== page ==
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By Jim Dennis


Long Live Slackware

John Fisk was trying Slackware 2.0.0, had been using a 2400 baud dial up to get to the 'net via a VAX/VMS account. The first version of Slackware I used was version 1.0 --- I'd been using the now forgotten SLS (Soft Landing Systems) and Yggdrasil's "Plug & Play Linux" before then and had ignored Slackware's pre-releases.

Slackware is still maintained and is now up to version 9.1 --- and the project is still headed by Patrick Volkerding.

John's install was only 120Mb.

For comparison, modern Red Hat and Fedora installations require a minimum of 250Mb just for the root filesystem! However, a reasonably minimal Debian can reasonably fit in well under 120Mb; so we can't complain that Linux as a whole has become bloated.

Long Live our PPP Connections

He presents a simple PPP "keepalive" shell script. (Could use the persist directive with a modern pppd but some still might need something like the shell script)

while [ -e /var/run/ppp0.pid ]; do
        ping -c 1 $REMOTE_ROUTER > /dev/null 
	sleep $DELAY 

Another approach would be:

ping -i $DELAY $REMOTE_ROUTER 2>&1 > /dev/null &

PINGPID="$!"  while [ -e /var/run/ppp0.pid ]; do
        sleep $DELAY 

kill $PINGPID 

... which starts one ping process that sends a ping every $DELAY seconds; then polls slowly on the pid file and, when that's gone it kills the background task. This is no great technical improvement. There's minor improvement by not spawning so many ping processes --- we only load ping once and let it run like a daemon; then kill it when we're done with it. So this alternative approach is only valuable for edification --- and example of how to manage a backgrounded task under the shell.

Long Live Our Changes to /etc/motd and /etc/issue

The next item amounts to a 2-cent tip: that Slackware (among some other distributions) have rcS scripts (rc.sysinit on Red Hat, Fedora, and related distributions) that overwrite our /etc/motd and/or /etc/issue files. So you have to comment out that code if you want your changes to these files to persist.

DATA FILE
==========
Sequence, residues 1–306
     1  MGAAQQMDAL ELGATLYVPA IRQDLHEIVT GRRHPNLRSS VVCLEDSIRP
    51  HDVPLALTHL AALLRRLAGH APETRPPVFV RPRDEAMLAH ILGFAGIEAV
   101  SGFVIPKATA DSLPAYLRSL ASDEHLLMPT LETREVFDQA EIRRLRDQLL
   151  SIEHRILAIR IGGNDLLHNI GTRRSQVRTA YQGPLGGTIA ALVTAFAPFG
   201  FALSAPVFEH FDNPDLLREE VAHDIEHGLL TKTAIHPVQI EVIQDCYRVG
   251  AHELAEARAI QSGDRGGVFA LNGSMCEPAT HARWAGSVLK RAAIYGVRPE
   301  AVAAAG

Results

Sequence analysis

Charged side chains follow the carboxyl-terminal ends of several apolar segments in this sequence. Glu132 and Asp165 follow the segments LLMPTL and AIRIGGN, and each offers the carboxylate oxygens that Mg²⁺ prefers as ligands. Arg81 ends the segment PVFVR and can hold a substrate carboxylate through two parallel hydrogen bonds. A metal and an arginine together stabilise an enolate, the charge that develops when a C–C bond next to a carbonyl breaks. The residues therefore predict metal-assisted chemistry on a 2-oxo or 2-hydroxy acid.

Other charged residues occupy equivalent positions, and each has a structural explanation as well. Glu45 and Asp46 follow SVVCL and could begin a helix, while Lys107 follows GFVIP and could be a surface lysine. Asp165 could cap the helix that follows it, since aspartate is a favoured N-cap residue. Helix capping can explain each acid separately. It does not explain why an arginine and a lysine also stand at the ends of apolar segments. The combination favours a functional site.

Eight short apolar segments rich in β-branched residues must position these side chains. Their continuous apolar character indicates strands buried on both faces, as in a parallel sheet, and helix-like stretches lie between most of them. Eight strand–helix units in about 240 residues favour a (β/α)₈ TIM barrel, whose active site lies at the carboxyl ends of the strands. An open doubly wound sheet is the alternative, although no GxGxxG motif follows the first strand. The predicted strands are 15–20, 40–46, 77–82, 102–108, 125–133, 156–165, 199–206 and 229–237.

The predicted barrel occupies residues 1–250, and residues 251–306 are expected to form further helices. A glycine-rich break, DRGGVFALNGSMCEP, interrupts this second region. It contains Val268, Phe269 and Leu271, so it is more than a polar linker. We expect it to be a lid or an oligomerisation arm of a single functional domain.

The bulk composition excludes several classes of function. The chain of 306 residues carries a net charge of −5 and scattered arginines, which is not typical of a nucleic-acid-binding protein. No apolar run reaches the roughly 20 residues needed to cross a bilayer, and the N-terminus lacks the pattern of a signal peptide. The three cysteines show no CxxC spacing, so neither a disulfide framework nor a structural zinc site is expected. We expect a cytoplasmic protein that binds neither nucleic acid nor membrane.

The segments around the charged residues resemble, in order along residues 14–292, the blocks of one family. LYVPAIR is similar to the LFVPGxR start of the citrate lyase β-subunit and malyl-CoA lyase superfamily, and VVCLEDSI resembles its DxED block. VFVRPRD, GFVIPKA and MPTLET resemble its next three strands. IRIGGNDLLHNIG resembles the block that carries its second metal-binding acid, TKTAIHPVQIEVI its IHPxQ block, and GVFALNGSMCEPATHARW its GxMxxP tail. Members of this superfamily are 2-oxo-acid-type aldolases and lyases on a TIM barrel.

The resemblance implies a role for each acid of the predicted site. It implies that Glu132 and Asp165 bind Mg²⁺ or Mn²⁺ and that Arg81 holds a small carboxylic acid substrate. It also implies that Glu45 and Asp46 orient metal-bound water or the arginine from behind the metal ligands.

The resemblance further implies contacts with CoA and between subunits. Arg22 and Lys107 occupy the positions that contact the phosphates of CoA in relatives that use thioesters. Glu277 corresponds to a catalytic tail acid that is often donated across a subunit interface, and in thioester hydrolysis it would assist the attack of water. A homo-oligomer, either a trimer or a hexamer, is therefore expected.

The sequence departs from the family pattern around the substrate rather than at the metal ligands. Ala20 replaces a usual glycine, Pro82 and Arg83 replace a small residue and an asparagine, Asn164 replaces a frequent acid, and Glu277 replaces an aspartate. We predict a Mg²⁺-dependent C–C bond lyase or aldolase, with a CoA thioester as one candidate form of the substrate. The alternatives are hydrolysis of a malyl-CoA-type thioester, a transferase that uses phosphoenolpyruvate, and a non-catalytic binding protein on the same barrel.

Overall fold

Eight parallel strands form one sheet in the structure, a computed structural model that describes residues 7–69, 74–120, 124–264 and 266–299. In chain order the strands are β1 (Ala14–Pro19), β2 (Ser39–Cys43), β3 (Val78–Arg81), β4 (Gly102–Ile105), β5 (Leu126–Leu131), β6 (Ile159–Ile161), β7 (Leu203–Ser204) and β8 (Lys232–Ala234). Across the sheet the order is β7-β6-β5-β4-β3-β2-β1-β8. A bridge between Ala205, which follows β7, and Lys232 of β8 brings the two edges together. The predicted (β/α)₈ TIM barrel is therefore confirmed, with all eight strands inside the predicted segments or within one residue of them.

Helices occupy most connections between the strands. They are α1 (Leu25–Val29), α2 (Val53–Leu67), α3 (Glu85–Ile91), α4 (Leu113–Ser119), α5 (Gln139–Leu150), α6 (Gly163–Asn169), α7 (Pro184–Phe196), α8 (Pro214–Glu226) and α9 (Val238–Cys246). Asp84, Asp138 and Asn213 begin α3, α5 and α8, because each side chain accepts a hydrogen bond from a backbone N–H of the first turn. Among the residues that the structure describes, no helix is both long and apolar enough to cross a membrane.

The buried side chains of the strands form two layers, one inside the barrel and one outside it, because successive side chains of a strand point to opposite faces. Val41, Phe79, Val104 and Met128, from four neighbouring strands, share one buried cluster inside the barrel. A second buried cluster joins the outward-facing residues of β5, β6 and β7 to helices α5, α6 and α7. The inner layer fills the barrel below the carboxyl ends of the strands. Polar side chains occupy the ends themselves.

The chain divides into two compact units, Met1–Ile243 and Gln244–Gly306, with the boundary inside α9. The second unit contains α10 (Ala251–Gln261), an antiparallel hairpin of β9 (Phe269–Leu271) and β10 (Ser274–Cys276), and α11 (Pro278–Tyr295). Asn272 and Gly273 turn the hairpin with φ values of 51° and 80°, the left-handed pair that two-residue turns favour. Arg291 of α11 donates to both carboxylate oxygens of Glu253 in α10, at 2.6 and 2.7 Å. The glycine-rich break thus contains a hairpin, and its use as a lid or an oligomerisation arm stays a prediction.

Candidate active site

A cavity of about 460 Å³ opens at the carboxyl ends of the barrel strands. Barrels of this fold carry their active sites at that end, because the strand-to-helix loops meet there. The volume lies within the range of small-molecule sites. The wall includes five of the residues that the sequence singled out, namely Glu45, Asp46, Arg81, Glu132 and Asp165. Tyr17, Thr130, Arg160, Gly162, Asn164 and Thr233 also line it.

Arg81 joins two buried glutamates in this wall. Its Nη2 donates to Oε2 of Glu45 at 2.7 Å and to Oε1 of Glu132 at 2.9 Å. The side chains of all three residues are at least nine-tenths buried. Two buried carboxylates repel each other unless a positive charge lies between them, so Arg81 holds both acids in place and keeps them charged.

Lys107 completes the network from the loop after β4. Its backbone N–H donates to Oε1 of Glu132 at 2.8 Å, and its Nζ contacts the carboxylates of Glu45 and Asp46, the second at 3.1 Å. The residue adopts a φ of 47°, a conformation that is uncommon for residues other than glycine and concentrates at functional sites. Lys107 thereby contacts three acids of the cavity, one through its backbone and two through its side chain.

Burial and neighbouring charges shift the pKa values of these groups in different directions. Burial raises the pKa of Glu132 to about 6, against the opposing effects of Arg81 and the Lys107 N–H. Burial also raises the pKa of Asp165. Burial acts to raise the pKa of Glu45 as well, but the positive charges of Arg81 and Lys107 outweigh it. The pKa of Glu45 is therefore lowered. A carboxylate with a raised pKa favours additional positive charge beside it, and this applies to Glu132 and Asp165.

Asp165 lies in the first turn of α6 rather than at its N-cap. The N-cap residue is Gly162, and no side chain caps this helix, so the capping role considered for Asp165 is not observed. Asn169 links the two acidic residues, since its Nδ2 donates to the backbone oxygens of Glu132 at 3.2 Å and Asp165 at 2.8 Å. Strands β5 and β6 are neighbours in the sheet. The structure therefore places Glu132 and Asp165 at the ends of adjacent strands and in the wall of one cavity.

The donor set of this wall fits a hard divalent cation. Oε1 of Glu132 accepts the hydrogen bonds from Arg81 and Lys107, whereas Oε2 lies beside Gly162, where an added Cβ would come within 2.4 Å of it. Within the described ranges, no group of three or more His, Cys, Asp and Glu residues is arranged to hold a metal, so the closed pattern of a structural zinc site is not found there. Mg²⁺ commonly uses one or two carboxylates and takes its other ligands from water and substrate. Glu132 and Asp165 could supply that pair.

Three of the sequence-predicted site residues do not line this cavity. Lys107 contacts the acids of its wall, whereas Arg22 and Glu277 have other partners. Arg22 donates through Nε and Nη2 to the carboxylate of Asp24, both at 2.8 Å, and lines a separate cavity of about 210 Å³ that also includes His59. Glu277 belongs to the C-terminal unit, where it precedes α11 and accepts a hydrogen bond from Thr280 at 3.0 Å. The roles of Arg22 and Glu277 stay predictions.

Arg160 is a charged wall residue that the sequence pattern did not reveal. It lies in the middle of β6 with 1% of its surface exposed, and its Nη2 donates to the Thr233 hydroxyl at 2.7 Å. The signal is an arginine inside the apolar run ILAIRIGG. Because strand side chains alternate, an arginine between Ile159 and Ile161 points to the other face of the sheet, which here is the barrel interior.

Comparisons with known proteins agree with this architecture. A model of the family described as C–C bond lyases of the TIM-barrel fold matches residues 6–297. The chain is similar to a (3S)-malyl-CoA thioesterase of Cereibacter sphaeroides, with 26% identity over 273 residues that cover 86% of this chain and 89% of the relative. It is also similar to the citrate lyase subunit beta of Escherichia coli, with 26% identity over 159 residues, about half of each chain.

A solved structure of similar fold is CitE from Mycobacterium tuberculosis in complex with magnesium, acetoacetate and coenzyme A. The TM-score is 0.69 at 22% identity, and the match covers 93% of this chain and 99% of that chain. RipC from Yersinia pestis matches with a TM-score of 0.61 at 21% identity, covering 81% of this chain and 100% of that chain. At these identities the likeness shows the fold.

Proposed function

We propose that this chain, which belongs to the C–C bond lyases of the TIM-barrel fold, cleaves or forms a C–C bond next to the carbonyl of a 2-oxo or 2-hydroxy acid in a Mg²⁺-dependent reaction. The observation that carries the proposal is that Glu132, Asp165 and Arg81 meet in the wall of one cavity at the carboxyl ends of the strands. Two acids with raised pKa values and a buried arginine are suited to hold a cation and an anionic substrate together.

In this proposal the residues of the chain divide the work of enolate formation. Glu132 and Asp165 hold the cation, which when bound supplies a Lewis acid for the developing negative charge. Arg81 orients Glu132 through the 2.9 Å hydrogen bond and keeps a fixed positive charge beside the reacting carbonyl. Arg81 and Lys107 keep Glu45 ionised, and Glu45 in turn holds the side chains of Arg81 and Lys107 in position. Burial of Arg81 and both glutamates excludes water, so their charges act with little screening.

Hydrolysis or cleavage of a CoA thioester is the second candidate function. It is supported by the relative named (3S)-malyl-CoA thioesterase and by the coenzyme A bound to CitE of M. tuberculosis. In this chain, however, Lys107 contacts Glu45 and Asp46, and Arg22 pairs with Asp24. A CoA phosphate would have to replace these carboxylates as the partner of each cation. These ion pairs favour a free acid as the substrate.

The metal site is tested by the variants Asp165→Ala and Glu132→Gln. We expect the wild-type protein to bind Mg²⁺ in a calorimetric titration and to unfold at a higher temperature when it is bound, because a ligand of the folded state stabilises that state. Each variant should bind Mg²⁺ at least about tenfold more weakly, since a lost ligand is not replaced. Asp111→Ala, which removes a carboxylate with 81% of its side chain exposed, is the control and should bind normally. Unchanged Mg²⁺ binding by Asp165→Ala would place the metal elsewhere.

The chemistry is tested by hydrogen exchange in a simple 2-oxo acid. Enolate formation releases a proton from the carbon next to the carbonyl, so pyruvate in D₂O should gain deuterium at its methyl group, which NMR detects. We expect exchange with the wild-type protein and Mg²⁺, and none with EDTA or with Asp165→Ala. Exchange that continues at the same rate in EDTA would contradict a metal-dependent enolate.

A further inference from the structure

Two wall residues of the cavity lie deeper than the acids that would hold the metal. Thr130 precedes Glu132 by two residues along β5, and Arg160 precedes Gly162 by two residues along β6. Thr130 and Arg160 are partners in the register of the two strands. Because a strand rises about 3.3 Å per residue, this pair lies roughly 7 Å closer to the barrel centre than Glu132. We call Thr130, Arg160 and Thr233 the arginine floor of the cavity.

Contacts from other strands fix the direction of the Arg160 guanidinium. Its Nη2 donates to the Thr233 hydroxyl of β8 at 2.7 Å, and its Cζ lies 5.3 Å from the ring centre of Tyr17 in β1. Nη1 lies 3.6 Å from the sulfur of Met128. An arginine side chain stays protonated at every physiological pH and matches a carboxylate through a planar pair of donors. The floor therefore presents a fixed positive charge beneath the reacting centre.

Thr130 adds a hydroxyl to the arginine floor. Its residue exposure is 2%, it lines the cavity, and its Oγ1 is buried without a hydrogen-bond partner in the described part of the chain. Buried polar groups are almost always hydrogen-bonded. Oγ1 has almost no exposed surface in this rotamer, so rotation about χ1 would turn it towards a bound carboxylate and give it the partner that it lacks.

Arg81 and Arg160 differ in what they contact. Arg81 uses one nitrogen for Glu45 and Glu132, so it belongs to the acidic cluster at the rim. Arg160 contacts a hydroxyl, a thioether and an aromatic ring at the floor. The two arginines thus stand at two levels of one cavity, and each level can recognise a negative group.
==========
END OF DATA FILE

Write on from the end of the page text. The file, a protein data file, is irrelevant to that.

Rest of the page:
My 5-penny tip over the top of that is that every Linux system administrator should read their /etc/inittab file from top to bottom and recursively follow through them by applying the following procedure:

Following this procedure, you will wend your way through your entire system start-up sequence. You will know almost EVERYTHING about how your system boots up. (This ignores the possibility that you might have an initrd --- and initial RAMdisk, with a /linuxrc script or binary embedded in it).

As part of my LPI classes I teach this procedure and recommend that all students do this for each new distribution that they ever try to manage.

Twiddle Dee Dum: Home at Last

In the next article we see our first 2-cent tip. ~ (the "tilde" or "twiddle" character) is expanded by the shell to the current user's home directory. I'd add that ~foo will look up the home directory for the user "foo" and expand into that path. This notion of "look up" can actually be quite involved on a Linux system --- though it usually just means a search through the /etc/passwd file. On other systems it would entail NIS, LDAP, Hesiod, or even MS Windows "Domain" or "Active Directory" operations. It all depends on the contents of the /etc/nsswitch.conf and the various /lib/libnss* libraries that might be installed.

Shell Tips, Tricks, Aliases and Custom Functions

The aliases he lists are all still valid. I might add another tip to point to Ian MacDonald's bash programmable completion project which is now shipped as examples with the GNU bash sources; and is thus installed on many Linux distributions by default. To use them, simply "source" the appropriate file, as described in Ian's article under "Getting Started." Ian's article has many other tips and tricks for bash and for the readline libraries against which it's linked. (On my Debian systems Ian's bash completions are in /etc/bash_completion).

In his next article John also talks about bash custom functions. A nitpick and CAVEAT is appropriate here. The version of bash that was in common use back then would accept all those shell functions as he typed them. However, newer versions of bash 2.x and later, require that we render them slightly differently:

 # Now, some handy functions...

 tarc () { tar -cvzf $1.tar.gz $1 ; } 
 tart () { tar -tvzf $1 | less ; }
 tarx () { tar -xvzf $1 $2 $3 $4 $5 $6 ; } 
 popmail () { popclient -3 -v -u myname -p mypassword -o /root/mail/mail-in any.where.edu ; } 
 zless () { zcat $* | less ; } 
 z () { zcat $* | less ; }

... all we've done is insert semicolons before those closing braces. This is required in newer versions of bash because it was technically a parsing bug in older versions to treat the closing brace as a separator/token. We could also have simply inserted linebreaks before the closing braces. (To understand this consider the ambiguity caused by: 'echo }' --- historically the } did not need to be quoted like a ')' would be. if that doesn't enlighten you just accept it as a quirk and realize that these old examples from 1995 must be updated slightly to run on newer versions of bash).